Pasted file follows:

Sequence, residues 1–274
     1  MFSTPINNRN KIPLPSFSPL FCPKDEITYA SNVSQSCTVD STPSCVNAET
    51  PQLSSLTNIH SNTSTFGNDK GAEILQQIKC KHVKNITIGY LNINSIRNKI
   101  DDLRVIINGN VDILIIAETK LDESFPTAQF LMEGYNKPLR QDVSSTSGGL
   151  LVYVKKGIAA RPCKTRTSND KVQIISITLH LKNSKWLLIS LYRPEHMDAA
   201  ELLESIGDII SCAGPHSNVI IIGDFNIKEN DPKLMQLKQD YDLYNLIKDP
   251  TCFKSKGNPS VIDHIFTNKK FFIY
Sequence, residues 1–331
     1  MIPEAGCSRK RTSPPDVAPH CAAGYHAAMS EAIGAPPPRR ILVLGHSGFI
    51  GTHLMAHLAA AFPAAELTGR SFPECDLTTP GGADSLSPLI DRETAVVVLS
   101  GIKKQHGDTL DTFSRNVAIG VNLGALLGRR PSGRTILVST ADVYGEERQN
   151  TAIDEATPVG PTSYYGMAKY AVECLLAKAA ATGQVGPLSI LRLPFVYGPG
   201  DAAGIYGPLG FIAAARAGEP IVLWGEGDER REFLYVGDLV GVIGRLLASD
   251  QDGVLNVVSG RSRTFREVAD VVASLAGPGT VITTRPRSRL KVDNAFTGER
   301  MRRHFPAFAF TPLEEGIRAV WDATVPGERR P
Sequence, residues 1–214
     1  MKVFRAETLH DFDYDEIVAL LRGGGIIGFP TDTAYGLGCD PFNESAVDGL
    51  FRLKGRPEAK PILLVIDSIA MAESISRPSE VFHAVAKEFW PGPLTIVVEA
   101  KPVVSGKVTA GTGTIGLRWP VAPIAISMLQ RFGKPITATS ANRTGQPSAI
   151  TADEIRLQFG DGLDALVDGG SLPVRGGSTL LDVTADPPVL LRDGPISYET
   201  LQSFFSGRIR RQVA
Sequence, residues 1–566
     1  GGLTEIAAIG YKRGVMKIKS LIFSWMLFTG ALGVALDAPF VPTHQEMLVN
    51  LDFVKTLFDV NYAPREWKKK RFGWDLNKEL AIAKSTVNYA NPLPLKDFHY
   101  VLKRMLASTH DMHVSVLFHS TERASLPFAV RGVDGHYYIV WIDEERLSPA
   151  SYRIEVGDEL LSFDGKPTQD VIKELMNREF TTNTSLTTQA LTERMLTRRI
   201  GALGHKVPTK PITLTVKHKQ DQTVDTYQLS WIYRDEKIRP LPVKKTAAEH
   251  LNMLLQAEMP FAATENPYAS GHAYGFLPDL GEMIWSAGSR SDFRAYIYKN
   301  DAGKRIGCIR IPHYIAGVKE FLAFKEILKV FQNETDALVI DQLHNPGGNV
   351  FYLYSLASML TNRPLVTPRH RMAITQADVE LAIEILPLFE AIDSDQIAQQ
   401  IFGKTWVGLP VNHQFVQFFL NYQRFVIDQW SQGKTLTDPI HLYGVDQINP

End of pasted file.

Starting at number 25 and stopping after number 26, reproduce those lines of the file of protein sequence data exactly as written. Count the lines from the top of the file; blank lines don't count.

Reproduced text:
   101  VLKRMLASTH DMHVSVLFHS TERASLPFAV RGVDGHYYIV WIDEERLSPA
   151  SYRIEVGDEL LSFDGKPTQD VIKELMNREF TTNTSLTTQA LTERMLTRRI